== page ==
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Note: this article follows on from previous articles about appreciative coaching, Why We Assume Something Is Working For Every Client and How to Instantly Improve the Coaching Relationship, so you might want to read those first.

When you’re having a casual conversation, you don’t have to think about your sentence construction, at least if you’re speaking in your native language. Your mind’s unconscious processing effortlessly puts words together in an understandable and (probably) grammatically well-formed order, without you having to consciously think about them, in a way that reflects your ’internal representation’ (as the NLP jargon has it) of what you wanted to say.

Depending on the assumptions in that internal representation, your questions exploring a coaching topic will come out very differently.

If you assume that your client may or may not have had any good experiences of a given coaching topic (let’s say, for example, improving emotional self-control), then it will seem natural to ask closed questions (to which the answer would be either ‘yes’ or ‘no’). After all, you’re just trying to get at the truth of the situation:

“Have you had any good experiences of successfully controlling your emotions in difficult circumstances?”

If the client says ‘yes’, you can go on to ask them to tell you about it. But what if they say ‘no’? That’s quite likely, if they can’t think of an instance straight away and they feel like you’re waiting for their answer, so they have to say something. Then where do you go? You’ve closed off that line of questioning, and potentially missed some valuable information.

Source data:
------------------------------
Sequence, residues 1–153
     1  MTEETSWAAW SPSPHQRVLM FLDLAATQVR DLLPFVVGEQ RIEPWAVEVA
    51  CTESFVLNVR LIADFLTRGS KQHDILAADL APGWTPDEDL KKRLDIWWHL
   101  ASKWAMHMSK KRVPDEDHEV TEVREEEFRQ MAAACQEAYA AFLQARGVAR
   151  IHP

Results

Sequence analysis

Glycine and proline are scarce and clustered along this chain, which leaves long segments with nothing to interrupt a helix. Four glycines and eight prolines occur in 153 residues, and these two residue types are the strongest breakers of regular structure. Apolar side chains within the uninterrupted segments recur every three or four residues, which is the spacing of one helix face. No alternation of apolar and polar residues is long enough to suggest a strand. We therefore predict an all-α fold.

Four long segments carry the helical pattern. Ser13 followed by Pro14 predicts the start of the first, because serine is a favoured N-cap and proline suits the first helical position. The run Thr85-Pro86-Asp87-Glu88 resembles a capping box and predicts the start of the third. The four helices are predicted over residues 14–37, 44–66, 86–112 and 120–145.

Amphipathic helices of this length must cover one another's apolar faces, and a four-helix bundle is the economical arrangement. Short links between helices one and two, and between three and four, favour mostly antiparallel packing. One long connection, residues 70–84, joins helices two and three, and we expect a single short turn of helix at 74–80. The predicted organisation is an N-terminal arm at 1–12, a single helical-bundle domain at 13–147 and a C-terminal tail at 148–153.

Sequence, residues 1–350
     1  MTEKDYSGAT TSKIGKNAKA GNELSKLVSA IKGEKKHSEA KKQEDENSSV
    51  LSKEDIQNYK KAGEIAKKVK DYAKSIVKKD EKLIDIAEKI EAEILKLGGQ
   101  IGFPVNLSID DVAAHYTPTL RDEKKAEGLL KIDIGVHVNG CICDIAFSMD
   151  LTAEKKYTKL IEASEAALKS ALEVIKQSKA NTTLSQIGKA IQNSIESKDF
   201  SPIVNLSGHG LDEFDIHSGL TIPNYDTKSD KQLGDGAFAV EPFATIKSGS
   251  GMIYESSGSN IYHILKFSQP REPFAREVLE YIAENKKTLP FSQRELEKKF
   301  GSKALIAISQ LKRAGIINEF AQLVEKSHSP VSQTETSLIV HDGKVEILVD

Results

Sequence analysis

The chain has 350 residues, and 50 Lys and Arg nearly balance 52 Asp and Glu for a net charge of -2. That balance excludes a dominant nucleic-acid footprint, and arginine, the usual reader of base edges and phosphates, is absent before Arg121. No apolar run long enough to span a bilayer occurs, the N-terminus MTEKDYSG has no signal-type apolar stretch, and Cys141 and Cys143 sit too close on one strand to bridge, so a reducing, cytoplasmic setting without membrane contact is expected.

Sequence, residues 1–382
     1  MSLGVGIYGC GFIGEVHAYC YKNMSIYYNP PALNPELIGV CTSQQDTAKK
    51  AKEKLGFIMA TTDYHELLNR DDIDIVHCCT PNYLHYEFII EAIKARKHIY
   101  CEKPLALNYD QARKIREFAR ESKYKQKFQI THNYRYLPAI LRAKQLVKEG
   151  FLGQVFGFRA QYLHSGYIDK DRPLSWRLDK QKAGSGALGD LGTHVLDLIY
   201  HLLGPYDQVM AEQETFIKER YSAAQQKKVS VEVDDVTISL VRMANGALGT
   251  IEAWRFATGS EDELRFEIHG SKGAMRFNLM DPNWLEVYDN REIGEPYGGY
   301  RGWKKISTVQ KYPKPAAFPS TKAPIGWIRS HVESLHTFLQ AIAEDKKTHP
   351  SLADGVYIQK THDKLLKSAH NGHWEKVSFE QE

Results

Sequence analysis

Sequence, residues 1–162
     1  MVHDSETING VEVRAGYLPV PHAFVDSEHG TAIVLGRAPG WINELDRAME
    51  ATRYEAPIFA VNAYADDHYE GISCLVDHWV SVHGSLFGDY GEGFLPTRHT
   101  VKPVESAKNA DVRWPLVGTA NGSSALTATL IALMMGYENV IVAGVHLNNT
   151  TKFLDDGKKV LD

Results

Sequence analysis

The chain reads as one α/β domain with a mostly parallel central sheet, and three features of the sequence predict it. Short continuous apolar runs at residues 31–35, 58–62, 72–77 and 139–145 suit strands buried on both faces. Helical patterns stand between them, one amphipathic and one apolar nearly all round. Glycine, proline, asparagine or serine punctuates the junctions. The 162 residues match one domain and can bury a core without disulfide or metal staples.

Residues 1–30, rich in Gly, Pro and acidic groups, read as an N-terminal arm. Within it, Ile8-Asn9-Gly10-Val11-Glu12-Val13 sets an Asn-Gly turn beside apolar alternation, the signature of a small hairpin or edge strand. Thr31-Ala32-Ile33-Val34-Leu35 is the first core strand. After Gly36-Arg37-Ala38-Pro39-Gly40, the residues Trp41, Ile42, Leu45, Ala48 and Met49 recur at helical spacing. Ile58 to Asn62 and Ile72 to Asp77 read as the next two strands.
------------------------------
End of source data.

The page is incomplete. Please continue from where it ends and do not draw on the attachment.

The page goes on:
Note that the question presupposes or assumes that they may not have had any good experiences – and our brain’s natural tendency to pay more attention to negatives means that the ‘no’ answer is quite likely to come up.

Contrast that with the questions that naturally form when you start from the assumption that there are things working in the coachee’s life in relation to this topic. Because your internal representation of reality expects that you will find something working, your unconscious verbal processing is much more likely to come out with an open question like:

“What good experiences of controlling your emotions have you had?”


“Tell me about a time when you successfully controlled your emotions in difficult circumstances.”

This line of questioning is much more likely to elicit examples of what you’re looking for. Even if your client can’t think of an example at first, you’ll ask the question in different ways and keep exploring until you find one – because you’re assuming that there’s something there to find.

You probably won’t have to consciously remind yourself to ask open rather than closed questions (at least once you’ve got into the habit), because the open questions flow naturally from the assumption that there’s something working in the client’s experience. If you’re truly operating from that assumption – and remember that the reason you’re asking questions is to focus the client’s attention on where they can find their own resources, rather than gathering information so you can analyse and solve the problem for them – your unconscious mind will automatically come out with open, generative questions.

If you are 100% present for your client and genuinely interested in them, you don’t have to consciously match their body language or voice tone to achieve rapport (the matching will happen automatically).

In the same way, holding the assumption that there are some things working in your client’s situation (and that they have all the resources they need to make the changes they want) will make it easier to formulate the right words for your open questions without having to consciously think about it, making coaching much easier.

Appreciative Coaching: How Our Assumptions Influence Our Questions

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